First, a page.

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Housing Market A Decade After The Crash

Housing Market A Decade After The Crash

Following the financial crisis and housing crash, it was thought that Americans may stop aspiring to homeownership and would no longer see the housing market as a solid investment and reliable creator of wealth. After all, homeowners who saw the values of their homes drop might become nervous about selling. And those who hadn’t yet bought a home may have considered themselves lucky for waiting. And yet, a decade later, the market has largely recovered and demand from buyers is running high again.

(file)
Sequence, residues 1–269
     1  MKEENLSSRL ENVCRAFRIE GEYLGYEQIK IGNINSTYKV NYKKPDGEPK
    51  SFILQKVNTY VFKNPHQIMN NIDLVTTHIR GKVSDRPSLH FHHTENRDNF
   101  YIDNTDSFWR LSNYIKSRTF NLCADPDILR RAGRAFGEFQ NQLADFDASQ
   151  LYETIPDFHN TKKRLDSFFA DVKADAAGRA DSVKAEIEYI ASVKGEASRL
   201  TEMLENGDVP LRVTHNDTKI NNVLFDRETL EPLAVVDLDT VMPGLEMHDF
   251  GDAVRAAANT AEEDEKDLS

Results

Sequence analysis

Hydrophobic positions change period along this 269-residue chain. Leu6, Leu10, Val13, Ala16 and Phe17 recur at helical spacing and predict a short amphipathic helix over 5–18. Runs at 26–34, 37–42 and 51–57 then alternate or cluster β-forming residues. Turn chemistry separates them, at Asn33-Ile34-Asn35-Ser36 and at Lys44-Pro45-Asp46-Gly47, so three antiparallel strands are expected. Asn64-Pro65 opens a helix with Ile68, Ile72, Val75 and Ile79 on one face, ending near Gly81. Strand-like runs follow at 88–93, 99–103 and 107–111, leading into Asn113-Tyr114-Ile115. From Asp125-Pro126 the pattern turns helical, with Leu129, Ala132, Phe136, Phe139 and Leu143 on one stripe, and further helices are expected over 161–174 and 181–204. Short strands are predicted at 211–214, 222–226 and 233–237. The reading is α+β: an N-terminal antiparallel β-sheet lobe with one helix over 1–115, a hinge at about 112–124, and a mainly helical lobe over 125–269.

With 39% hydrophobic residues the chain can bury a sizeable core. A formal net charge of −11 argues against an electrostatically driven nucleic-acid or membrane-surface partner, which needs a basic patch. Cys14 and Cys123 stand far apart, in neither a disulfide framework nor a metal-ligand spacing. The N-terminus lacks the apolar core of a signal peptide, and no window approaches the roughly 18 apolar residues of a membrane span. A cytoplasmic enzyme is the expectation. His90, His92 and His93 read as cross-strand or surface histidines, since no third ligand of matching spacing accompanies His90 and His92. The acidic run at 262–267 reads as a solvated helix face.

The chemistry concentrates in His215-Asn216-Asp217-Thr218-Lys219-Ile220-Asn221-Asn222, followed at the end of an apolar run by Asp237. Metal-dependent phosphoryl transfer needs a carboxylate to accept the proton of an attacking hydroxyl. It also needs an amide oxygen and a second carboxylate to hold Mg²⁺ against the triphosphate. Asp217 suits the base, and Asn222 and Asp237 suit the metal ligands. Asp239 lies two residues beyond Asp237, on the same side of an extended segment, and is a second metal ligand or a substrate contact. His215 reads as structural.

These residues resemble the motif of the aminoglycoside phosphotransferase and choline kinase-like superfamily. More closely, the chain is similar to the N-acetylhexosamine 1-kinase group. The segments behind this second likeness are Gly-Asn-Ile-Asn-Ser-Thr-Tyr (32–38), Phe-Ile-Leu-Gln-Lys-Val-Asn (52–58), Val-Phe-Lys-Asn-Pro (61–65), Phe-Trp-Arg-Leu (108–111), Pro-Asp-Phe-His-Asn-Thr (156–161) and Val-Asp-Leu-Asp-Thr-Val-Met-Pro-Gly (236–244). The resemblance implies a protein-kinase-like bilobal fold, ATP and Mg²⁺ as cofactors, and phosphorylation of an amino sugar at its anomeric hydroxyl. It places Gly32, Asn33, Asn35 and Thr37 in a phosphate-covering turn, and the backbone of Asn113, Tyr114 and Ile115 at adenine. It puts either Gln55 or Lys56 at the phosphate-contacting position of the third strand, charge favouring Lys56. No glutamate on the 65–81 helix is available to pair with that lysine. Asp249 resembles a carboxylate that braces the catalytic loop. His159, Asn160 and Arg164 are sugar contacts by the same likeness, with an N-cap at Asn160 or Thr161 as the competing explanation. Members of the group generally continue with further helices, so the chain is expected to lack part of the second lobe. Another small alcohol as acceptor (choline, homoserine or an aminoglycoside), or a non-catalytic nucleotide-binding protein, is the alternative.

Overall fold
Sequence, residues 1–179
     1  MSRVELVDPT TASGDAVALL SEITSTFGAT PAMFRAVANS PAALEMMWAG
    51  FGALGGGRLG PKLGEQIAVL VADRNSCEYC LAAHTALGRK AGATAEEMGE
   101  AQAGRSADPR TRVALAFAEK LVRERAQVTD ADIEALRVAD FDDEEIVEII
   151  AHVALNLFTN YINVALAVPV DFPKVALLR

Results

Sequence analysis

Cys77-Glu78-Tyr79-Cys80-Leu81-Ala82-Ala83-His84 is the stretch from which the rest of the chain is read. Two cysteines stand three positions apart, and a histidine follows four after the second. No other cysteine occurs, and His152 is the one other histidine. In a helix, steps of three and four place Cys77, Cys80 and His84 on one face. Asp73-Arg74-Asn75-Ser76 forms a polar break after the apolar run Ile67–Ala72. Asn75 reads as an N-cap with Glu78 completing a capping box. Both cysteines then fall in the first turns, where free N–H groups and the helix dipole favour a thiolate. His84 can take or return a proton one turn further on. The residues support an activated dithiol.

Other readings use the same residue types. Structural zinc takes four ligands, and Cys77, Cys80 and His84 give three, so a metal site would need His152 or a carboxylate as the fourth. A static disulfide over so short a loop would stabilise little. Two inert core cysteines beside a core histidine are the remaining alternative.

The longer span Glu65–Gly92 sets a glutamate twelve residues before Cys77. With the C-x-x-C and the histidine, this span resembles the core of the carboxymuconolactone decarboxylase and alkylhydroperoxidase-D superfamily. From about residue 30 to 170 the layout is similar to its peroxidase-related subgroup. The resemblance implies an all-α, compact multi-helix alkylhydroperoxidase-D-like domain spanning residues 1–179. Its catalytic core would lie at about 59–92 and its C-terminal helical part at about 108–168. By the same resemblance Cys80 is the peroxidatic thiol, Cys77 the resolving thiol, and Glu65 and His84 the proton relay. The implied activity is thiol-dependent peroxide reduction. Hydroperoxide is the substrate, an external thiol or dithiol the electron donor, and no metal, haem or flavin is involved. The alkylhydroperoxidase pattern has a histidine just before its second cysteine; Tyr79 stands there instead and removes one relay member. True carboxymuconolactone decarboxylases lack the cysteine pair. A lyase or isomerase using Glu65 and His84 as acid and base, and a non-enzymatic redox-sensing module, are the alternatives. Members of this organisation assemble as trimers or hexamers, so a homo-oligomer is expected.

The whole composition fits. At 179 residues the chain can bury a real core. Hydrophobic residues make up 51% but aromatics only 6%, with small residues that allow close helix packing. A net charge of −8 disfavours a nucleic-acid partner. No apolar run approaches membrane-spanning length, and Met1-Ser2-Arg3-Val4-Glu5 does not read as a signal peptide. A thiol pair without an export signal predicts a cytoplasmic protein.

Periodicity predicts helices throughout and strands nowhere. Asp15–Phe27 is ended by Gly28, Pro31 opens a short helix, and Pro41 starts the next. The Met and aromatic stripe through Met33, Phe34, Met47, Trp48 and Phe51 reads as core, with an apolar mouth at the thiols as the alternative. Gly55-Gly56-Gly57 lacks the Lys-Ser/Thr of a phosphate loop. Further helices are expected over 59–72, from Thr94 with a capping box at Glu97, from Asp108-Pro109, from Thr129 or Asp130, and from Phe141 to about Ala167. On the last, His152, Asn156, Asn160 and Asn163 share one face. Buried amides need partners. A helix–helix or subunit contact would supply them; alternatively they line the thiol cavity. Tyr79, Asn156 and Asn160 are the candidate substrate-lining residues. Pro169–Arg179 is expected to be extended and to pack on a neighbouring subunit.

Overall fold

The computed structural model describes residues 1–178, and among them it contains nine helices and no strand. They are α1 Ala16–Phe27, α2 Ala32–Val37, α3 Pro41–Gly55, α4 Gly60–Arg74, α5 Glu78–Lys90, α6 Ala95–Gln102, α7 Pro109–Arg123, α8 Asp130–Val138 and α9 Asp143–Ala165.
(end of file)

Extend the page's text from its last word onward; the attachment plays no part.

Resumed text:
Lawrence Yun, the National Association of Realtors’ Chief Economist, says that is because of reforms enacted after the housing market crash. “Over the past 10 years, prudent policy reforms and consumer protections have strengthened lending standards and eliminated loose credit, as evidenced by the higher than normal credit scores of those who are able to obtain a mortgage and near record-low defaults and foreclosures, which contributed to the last recession,” Yun said. Today, market conditions are fueled, not by a lack of a demand for homes, but by a lack of enough supply to meet the growing level of demand. A shortage of supply is a better problem to have than a shortage of demand. The good news is Yun sees even more improvement on the horizon. His forecast for the next year includes rising inventory, moderating price growth, and more home sales as affordability conditions ease and make homeownership even more attractive to prospective home buyers. Existing home sales are forecast to rise two percent in 2019, while home prices are expected to rise by 3.5%, Yun said.

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